On July 4th, 1902, the bands marched, politicians waxed poetic, and the people celebrated on this, the grand opening of the Warren Hill Park, on top of Mount Ida, overlooking downtown Troy. The year before, after a few positive voices of agreement, along with the usual contentious wrangling and pompous posturing, the City Council of Troy voted in favor of purchasing the parkland to create Troy’s newest and most important public park.
We had a grand time finding this week’s batch of hot listings. All of them are located in Columbia County east of the Hudson River and north of Dutchess County, and all of them are simple, sophisticated, classic, and mostly affordable, ranging from a contemporary 1990s Ranch to a mid-19th century farmhouse. Which one do you think is our favorite? Which one is your favorite?
As our Brooklyn readers all know, Prospect Park was designed by the famed landscape architects Frederick Law Olmsted and Calvert Vaux, who also designed Central Park. That park opened in 1857 with great fanfare and much success. As well it should; Central Park is one of the great urban parks, and Olmsted and Vaux created a masterpiece of natural and enhanced landscaping that America had never seen before. When the City Fathers from across the East River in Brooklyn went to inspect the park, of course, they wanted one too.
Continuing with last week’s theme of our favorite Greene County properties, here’s a rambling old farmhouse in rural Ashland, located about 40 minutes west of Catskill village. Ashland is farm country, for sure, but if you’re looking to live life at a slightly more leisurely pace in the Catskill Mountains, this could be the place. The farmhouse includes five bedrooms and three acres of land abutting another 294 acres of state land. High ceilings, gorgeous plank flooring, and a huge kitchen round out the goodies within. Beds: 5. Baths: 2 full, 2 half. Square Feet: 1430. Lot Size: 3 acres. Est. Taxes: $1848. More photos after the jump…
So many brand new properties on the market in Greene County this month, we struggled to narrow down our choices. See, Greene County, located on the west side of the Hudson River and a little less than three hours north of Brooklyn, is a great place to look for first-time home buyers considering the big move (or a second home) to upstate New York. It’s less expensive than its southern and east-of-Hudson counterparts, and the housing inventory is fairly robust right now. And, if you want a house on some land, you’ll probably find it here. Looking for a house that’s walking distance to town? Yep, you’ll probably find that, too. Rustic log cabins? Check. Contemporaries? Check. Victorians, antique Colonials, and farm houses? Check, check, and check. So many choices that we’re dedicating two weeks to our grab bag of favorite Greene County properties. Enjoy!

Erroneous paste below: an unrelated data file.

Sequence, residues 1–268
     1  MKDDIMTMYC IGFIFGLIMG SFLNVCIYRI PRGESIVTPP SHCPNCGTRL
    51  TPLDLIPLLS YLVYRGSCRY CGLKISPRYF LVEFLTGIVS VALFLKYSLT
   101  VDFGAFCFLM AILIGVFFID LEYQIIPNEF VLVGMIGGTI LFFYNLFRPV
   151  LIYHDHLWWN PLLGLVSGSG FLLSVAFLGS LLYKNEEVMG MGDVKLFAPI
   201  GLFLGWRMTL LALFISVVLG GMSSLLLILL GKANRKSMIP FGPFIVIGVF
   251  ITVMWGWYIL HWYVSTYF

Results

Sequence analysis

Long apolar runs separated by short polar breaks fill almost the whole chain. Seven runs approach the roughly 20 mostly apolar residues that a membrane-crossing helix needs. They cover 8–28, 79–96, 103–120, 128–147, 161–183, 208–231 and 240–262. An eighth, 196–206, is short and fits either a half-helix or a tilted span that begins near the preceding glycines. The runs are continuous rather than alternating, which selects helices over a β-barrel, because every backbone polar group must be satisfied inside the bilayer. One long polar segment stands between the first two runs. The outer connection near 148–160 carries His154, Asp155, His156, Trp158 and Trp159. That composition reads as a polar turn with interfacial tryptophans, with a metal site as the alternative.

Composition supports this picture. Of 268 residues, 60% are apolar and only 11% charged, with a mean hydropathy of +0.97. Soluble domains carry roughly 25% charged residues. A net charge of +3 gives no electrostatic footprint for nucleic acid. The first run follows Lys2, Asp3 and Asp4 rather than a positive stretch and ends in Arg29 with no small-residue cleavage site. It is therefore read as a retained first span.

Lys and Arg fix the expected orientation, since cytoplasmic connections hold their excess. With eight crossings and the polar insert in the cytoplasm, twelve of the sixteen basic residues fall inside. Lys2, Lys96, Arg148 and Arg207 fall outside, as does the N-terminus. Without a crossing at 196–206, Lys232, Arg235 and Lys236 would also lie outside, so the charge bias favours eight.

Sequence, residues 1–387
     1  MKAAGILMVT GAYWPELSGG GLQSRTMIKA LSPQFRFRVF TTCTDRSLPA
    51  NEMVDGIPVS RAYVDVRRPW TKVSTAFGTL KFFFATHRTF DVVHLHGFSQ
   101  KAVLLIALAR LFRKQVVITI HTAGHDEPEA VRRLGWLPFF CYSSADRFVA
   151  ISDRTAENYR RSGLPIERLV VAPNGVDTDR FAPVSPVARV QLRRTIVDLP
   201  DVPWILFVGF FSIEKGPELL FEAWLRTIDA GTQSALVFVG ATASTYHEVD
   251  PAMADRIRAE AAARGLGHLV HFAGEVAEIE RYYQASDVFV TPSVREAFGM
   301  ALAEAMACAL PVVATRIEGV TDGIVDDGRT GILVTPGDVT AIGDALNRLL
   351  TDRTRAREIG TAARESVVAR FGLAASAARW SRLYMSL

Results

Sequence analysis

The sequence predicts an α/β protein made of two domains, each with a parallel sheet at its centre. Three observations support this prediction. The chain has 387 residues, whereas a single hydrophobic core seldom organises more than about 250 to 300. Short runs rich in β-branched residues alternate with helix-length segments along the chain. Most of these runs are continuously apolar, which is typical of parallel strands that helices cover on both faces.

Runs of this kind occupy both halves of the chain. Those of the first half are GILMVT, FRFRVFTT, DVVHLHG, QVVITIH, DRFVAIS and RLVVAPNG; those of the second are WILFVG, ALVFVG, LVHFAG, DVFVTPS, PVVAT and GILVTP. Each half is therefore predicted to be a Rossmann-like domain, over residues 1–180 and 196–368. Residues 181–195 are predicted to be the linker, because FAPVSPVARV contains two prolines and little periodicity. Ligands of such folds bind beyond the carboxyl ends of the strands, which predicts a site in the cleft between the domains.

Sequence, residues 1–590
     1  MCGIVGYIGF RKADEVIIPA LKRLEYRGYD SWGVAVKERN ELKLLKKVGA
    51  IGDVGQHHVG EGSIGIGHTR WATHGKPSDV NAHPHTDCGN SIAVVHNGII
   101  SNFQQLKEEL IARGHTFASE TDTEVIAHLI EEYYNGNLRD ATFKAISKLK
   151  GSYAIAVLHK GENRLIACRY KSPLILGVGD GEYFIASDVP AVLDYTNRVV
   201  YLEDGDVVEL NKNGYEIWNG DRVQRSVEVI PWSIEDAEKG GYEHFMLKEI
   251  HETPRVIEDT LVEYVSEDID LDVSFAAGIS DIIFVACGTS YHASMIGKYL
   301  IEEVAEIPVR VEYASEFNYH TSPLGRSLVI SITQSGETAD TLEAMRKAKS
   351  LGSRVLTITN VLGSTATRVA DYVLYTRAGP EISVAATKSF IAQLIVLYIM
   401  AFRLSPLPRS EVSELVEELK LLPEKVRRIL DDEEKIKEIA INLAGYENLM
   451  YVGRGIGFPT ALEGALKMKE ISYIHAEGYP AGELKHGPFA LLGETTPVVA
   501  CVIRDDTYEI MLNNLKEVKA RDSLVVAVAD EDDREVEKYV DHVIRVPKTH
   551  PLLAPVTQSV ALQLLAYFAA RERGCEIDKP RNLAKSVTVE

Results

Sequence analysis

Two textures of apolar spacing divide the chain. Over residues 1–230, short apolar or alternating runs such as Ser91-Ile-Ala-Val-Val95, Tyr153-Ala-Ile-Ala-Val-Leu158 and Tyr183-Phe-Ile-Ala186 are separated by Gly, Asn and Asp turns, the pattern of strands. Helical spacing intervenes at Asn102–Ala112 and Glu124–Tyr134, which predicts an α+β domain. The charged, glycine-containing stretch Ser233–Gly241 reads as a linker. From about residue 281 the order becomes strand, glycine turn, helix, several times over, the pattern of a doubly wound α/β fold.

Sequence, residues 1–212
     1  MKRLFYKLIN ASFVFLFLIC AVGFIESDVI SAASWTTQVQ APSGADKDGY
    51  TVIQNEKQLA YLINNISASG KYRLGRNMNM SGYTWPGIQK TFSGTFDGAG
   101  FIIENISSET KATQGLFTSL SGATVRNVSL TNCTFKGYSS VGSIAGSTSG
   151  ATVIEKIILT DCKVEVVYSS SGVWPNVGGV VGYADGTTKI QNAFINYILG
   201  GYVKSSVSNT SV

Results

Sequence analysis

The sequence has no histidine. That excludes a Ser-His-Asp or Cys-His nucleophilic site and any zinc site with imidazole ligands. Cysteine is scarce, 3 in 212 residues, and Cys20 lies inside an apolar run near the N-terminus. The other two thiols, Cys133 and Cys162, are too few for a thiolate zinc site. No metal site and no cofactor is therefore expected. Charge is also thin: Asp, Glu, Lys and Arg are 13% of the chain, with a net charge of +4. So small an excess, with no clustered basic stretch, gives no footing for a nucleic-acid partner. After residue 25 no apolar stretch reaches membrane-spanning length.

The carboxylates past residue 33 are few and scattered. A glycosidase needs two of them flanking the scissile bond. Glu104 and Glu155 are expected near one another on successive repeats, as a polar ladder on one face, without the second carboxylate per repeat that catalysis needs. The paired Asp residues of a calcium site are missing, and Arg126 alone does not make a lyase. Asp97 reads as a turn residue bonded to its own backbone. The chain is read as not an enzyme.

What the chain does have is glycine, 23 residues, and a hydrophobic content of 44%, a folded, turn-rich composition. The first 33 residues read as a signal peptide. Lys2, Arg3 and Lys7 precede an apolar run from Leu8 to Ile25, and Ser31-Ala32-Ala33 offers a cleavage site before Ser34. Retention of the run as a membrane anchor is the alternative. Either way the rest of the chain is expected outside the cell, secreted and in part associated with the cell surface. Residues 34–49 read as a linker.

The Ulster County town of Olive is known for its stunning views, picturesque woodsy landscapes, lovely farmhouses, and desirable proximity to the Ashokan Reservoir. It’s also known for low property taxes. Well, low property taxes is a pretty relative concept when it comes to Ulster County. Compared to other places around the Hudson Valley area on the west side of the Hudson, Olive (including the hamlet of Olivebridge, as well as a handful of other rural hamlets in town) offers a slight bargain. And if you’re looking at houses upstate, the taxes could make or break a real estate deal. Olive is located around the western end of the reservoir and about 2.5 hours from Brooklyn.
Exteriors with loads of curb appeal. Interiors that feel up-to-date yet comfortable and homey. That’s what we’re all about this week on Brownstoner Upstate. We are experiencing some house crushes on a renovated farmhouse in Highland, a more-bang-for-your-buck beauty in Athens, a charming retro cabin in Phoenicia, and the perfect contemporary ski getaway near Hunter Mountain. Enjoy…
Still considering a winter excursion to upstate New York for a little skiing? There’s still time. Here are some short-term rental properties that will put you close to the slopes on the outside while keeping you warm and cozy on the inside.
It’s safe to say that we look at hundreds of real estate listings a day. Sometimes for work, but mostly for fun. Because so many properties are passing before our eyes, we tend to initially focus on the exterior. And if the exterior doesn’t do it for us, we skip over it. We also know that sometimes a lackluster exterior hides a unique or an attractive interior we never would have guessed existed based on the outside, so we try to look beyond the first photo of a home’s facade as often as we can. This week’s list includes homes that, upon first glance, elicited a resounding “meh” from us until we saw what lies on the other side of the front door.
ICYMI: Travel + Leisure named the Catskills as one of its Best Places to Travel in 2015, and we’re not going to argue. In our completely unverified unscientific opinion, we seem to see more and more visitors popping up during the warmer months at local farmer’s markets and walking around our streets, gawking upward at cool, old buildings. People are catching on to the fact that it’s paradise in your own backyard up here. There’s a change in the air around the Catskill Mountains, and while we don’t think the tourist industry alone can completely revitalize the Catskills, it’s becoming increasingly more apparent that it will play a large role. How do casinos factor in to all of this? Well, that’s a whole post in and of itself and a subject that’s been extensively covered, but it’s what the voters wanted, so they shall receive it. Meanwhile, as we enter into a brand new year, let’s head into the mountains and see what the real estate market holds for us (spoiler alert: a lot of good stuff).